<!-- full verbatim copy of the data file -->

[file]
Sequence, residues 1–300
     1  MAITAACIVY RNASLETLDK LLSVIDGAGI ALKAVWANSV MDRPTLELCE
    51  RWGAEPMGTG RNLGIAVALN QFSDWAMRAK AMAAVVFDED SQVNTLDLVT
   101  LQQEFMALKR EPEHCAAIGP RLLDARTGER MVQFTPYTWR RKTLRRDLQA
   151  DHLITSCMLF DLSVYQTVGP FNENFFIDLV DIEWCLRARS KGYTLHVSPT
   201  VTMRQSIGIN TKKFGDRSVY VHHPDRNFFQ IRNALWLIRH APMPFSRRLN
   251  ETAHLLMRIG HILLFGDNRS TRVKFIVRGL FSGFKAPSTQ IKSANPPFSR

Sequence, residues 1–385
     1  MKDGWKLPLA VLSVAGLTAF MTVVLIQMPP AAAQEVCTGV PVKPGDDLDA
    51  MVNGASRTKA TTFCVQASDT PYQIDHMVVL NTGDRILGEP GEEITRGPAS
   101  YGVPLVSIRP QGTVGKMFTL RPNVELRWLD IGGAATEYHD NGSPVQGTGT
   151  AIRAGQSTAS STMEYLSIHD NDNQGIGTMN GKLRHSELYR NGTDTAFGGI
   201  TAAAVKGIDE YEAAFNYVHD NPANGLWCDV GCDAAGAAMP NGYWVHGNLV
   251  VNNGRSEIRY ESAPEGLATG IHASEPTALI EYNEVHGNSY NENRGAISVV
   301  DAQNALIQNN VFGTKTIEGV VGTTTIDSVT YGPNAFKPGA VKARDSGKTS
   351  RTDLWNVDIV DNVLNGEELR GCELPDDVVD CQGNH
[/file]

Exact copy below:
Sequence, residues 1–300
     1  MAITAACIVY RNASLETLDK LLSVIDGAGI ALKAVWANSV MDRPTLELCE
    51  RWGAEPMGTG RNLGIAVALN QFSDWAMRAK AMAAVVFDED SQVNTLDLVT
   101  LQQEFMALKR EPEHCAAIGP RLLDARTGER MVQFTPYTWR RKTLRRDLQA
   151  DHLITSCMLF DLSVYQTVGP FNENFFIDLV DIEWCLRARS KGYTLHVSPT
   201  VTMRQSIGIN TKKFGDRSVY VHHPDRNFFQ IRNALWLIRH APMPFSRRLN
   251  ETAHLLMRIG HILLFGDNRS TRVKFIVRGL FSGFKAPSTQ IKSANPPFSR

Sequence, residues 1–385
     1  MKDGWKLPLA VLSVAGLTAF MTVVLIQMPP AAAQEVCTGV PVKPGDDLDA
    51  MVNGASRTKA TTFCVQASDT PYQIDHMVVL NTGDRILGEP GEEITRGPAS
   101  YGVPLVSIRP QGTVGKMFTL RPNVELRWLD IGGAATEYHD NGSPVQGTGT
   151  AIRAGQSTAS STMEYLSIHD NDNQGIGTMN GKLRHSELYR NGTDTAFGGI
   201  TAAAVKGIDE YEAAFNYVHD NPANGLWCDV GCDAAGAAMP NGYWVHGNLV
   251  VNNGRSEIRY ESAPEGLATG IHASEPTALI EYNEVHGNSY NENRGAISVV
   301  DAQNALIQNN VFGTKTIEGV VGTTTIDSVT YGPNAFKPGA VKARDSGKTS
   351  RTDLWNVDIV DNVLNGEELR GCELPDDVVD CQGNH